Aparanta

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Aparanta, or Aparantaka (meaning "Western border") was a geographical region of ancient India, variously corresponding to the northern Konkan, northern Gujarat, Kathiawar, Kachch and Sindh.

A rough sketch of the ancient region of Aparanta

The Junagadh inscription of Rudradaman mentions that during Ashoka's reign, a Yonaraja (literally; Ionian, or Greek, King), Tushaspa was the governor of Aparanta.[1] A Buddhist text, the Mahavamsa states (xii.5) that at the conclusion of the Third Buddhist Council (c.250 BCE), a Yona (Greek) Thera (monk) Dhammarakkhita was sent here by the emperor Ashoka to preach Dhamma[2] and 37,000 people embraced Buddhism due to his effort (Mahavamsa, xii.34-6). According to Buddhist scholar A.K. Warder, the Dharmaguptaka sect originated here.[3]

Aparanta is regraded as an umbrella term for Shurparakadesha for Konkan, to include in the North and Gomantaka in the south with the river Kundalika to serving as a dividing line in between the two.[4]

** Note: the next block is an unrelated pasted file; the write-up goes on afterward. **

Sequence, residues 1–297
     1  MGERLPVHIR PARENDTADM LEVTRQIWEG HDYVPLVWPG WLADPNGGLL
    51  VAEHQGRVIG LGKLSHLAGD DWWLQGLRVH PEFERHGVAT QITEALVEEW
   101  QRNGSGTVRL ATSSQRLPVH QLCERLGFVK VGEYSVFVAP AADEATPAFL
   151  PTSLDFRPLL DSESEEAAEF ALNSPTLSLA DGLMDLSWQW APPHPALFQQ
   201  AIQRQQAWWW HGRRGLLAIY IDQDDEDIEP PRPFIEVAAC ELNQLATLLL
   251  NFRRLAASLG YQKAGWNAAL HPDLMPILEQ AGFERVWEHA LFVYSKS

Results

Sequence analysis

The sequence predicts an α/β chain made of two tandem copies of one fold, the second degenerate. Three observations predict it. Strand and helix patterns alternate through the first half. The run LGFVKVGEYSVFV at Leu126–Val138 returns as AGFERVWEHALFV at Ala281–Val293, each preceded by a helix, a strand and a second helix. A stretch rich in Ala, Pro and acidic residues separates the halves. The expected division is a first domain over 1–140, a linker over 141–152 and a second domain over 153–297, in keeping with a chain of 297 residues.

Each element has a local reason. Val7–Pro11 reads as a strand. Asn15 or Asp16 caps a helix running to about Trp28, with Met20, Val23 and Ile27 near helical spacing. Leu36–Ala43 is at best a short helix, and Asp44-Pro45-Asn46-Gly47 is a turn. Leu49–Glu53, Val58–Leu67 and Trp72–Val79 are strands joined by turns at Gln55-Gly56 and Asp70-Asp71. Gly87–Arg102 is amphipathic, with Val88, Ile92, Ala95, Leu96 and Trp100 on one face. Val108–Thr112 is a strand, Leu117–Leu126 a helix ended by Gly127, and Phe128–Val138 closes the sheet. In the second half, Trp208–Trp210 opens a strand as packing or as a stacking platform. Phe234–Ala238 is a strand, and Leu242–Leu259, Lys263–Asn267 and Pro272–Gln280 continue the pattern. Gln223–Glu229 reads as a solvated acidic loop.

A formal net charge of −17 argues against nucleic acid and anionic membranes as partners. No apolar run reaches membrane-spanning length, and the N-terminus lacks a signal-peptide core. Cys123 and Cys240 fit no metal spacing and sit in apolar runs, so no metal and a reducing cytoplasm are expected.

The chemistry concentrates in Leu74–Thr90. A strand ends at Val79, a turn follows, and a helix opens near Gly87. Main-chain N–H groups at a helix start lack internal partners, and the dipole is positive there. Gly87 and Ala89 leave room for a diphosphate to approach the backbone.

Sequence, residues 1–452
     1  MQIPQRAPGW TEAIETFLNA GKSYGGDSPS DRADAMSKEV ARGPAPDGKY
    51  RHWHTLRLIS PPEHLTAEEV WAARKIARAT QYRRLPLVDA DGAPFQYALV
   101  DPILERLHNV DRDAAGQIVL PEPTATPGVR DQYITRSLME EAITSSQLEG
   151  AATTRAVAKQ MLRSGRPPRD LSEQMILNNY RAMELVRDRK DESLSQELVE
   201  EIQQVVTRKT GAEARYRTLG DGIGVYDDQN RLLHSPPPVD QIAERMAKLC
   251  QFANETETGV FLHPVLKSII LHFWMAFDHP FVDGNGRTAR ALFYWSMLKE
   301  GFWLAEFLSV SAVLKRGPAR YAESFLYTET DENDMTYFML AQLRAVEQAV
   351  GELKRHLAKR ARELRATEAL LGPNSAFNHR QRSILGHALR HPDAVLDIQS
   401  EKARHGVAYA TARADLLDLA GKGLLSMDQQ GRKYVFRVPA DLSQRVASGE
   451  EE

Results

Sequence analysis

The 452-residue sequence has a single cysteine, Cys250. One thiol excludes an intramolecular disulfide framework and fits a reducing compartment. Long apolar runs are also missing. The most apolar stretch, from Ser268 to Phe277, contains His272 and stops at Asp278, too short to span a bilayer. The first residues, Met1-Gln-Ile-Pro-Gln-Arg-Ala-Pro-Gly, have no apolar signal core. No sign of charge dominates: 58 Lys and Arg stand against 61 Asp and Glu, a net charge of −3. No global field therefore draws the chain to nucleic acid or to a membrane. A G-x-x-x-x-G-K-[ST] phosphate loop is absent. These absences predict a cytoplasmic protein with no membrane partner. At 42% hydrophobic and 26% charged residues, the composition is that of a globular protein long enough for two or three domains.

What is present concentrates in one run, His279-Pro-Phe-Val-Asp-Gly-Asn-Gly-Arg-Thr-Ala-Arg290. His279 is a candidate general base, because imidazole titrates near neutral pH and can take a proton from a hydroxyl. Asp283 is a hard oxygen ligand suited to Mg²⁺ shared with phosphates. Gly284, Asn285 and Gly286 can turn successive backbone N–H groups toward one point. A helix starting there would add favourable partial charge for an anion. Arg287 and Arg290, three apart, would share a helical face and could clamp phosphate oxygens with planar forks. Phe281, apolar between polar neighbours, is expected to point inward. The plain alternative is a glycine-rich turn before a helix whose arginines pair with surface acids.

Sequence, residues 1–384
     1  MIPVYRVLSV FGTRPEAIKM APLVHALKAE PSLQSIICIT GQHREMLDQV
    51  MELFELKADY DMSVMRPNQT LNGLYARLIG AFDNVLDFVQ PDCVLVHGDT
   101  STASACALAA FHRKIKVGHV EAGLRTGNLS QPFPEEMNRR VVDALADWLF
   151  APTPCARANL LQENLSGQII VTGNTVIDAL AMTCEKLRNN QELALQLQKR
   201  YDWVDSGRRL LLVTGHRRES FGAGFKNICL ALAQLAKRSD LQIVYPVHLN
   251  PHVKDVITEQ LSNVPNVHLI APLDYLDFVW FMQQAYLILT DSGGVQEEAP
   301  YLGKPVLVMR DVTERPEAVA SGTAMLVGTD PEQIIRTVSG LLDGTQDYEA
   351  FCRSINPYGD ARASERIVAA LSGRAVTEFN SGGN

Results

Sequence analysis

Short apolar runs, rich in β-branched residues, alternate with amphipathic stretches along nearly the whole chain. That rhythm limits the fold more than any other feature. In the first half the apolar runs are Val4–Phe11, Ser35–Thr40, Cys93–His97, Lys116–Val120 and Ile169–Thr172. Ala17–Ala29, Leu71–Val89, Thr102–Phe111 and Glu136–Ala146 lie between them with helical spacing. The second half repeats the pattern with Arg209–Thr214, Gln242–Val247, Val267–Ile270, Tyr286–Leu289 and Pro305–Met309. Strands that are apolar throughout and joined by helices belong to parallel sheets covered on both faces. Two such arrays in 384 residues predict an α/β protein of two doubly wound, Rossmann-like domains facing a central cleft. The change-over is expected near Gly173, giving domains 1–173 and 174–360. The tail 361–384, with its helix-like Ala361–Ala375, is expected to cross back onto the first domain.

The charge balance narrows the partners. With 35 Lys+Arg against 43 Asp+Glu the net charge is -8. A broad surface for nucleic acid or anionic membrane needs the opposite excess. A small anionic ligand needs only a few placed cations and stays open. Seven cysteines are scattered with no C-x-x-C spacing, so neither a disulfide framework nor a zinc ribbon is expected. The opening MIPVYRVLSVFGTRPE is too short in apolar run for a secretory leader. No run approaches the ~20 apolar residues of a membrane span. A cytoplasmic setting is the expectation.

Aparanta is also the name of a book on goa titled "Goa Aparnta - Land Beyond The End". The book is a comprehensive insight into Goa and its origins.

Notes[edit]

  1. ^ Thapar R. (2001), Aśoka and the Decline of the Mauryas, Oxford University Press, New Delhi, ISBN 0-19-564445-X, p.128
  2. ^ Thapar R. (2001), Aśoka and the Decline of the Mauryas, Oxford University Press, New Delhi, ISBN 0-19-564445-X, p.47
  3. ^ Indian Buddhism by A.K. Warder Motilal Banarsidass: 2000. ISBN 81-208-1741-9 pg 278[1]
  4. ^ Kamat Satoskar, B.D. (1982). Gomantak:Prakruti ani Sanskruti(Marathi). Pune: Shubhada publications. p. 39.